Blogs from September, 2008


Should a child have protected rights to property and inheritance where the child was created as an embryo through in vitro fertilization during his parents’ marriage, but implanted into his mother’s womb after the death of his father?

A recent case illustrates the difficult policy and legal considerations that factor into resolving these challenging cases: Amy and Michael Finley were married in 1990 and during the course of their marriage pursued fertility treatments and ultimately participated in an in vitro fertilization and embryo transfer program.

Deep Freeze
In June 2001, doctors produced ten embryos using Ms. Finley’s eggs and Mr. Finley’s sperm. Two of the embryos were implanted into Ms. Finely’s uterus and four embryos were frozen for preservation. Ms. Finley later suffered a miscarriage of both of the implanted embryos.

Life and Death
Mr. Finley died intestate on July 19, 2001, and shortly thereafter, Ms. Finley had two of the previously frozen embryos thawed and transferred into her uterus, resulting in a single pregnancy. After the child’s birth, Ms. Finley applied for benefits and insurance based on the earnings record of Mr. Finley. After her claim was denied, she appealed to the law and her case progressed through the state and federal court system. Finley v. Astrue, —S.W.3d—, 372 Ark. 103, 2008 WL 95775 (Ark. 2008).

Protect the Children
This unique issue has presented itself several times especially in light of modern medical advances in reproductive science. On one hand, it is reasonable to conclude that Finley’s child was neither born nor conceived during their marriage, which ended upon Mr. Finley’s death. On the other hand, it can be argued that a child is “conceived” at the time a woman’s egg is fertilized by the father’s sperm and therefore based upon the medical definitions of “conception” the child was conceived during the life of Mr. Finley, and that as a matter of public policy, the child’s inheritance and property rights should be protected by a court of law.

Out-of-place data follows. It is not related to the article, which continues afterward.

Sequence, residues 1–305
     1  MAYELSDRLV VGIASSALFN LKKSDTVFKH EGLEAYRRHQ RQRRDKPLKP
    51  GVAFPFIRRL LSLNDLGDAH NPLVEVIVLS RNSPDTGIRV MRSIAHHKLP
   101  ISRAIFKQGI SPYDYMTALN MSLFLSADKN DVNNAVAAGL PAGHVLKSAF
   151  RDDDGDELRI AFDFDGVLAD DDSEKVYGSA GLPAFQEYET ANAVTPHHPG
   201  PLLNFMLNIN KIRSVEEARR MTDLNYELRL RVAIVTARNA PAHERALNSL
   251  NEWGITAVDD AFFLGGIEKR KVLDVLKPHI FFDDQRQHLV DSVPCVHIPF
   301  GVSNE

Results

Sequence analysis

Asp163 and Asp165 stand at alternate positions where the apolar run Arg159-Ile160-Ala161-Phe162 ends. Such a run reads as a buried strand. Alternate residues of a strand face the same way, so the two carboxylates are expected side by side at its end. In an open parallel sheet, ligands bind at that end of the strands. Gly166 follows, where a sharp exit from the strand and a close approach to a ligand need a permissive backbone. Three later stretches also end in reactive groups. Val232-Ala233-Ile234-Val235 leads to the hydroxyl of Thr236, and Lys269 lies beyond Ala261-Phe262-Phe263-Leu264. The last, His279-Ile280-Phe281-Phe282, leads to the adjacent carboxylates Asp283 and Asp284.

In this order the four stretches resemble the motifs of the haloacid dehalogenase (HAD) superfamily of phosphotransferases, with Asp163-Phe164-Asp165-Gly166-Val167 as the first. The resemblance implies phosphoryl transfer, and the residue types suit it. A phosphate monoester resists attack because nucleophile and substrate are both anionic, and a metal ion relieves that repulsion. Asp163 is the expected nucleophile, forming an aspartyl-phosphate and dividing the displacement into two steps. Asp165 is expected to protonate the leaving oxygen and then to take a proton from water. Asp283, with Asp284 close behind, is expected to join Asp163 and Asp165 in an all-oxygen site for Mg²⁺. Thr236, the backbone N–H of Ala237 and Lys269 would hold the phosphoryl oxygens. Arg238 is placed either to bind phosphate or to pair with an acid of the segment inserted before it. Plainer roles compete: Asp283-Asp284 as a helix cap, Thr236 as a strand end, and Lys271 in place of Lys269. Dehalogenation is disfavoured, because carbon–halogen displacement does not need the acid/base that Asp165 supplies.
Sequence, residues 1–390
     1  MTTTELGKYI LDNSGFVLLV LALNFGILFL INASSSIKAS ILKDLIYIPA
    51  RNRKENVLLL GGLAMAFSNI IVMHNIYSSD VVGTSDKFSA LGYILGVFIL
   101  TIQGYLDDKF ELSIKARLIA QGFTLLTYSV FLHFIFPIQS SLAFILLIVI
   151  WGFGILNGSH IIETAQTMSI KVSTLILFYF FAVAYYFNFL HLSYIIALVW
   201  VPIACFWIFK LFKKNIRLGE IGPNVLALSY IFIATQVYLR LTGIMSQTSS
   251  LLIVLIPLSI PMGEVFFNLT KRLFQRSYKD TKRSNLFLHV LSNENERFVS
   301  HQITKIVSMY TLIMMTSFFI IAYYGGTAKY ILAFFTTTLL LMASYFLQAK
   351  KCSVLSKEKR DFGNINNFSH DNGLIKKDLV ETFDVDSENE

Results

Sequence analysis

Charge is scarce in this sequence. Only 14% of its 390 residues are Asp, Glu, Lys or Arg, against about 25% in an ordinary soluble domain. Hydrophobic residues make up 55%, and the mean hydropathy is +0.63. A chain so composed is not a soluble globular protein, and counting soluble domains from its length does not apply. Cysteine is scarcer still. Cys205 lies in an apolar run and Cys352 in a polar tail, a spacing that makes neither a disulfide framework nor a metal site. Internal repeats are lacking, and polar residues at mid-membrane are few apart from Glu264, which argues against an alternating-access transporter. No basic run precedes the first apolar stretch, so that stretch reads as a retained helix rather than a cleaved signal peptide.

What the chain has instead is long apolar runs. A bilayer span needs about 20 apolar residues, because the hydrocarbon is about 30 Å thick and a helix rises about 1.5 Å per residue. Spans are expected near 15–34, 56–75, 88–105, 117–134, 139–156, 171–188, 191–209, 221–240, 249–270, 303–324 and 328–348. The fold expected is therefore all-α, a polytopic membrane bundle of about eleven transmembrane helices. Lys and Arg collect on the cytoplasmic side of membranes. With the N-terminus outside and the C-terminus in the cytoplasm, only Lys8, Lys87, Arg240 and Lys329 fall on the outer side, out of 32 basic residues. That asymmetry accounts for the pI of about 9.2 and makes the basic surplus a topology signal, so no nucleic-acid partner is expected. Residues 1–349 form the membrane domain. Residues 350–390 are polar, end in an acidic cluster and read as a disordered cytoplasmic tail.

Florida Probate Code vs. Florida’s Determination of Parentage Act
The Florida Probate Code provides that heirs of the decedent conceived before his or her death, but born thereafter, inherit intestate property as if they had been born in the decedent’s lifetime. Fla.Stat. §732.106. However, the Florida legislature has written into law in the Determination of Parentage Act, Fla.Stat.§ 742.17 that a child ho is conceived from the eggs or sperm of a person or persons who died before the transfer of their eggs, sperm, or pre-embryo to a woman’s body is not eligible for a claim against the decedent’s estate unless the child has been provided for by the decedent’s will. One Florida court used the Determination of Parentage Act to deny benefits to a child conceived from the sperm of a person who died before the transfer to the mother’s body. Stephen v. Commissioner of Social Security, 386 F.Supp.2d 1257 (M.D.Fla. 2005).

Why are children treated differently under these two statutes? In my view, the legislature needs to directly address this issue because the law’s treatment of children in this regard is inconsistent and illogical. There is no doubt that under the circumstances described above, the legitimacy of the child would be irrebuttable presumed under §742.11. Why then should the child not be treated as a dependent and entitled to property and inheritance rights?


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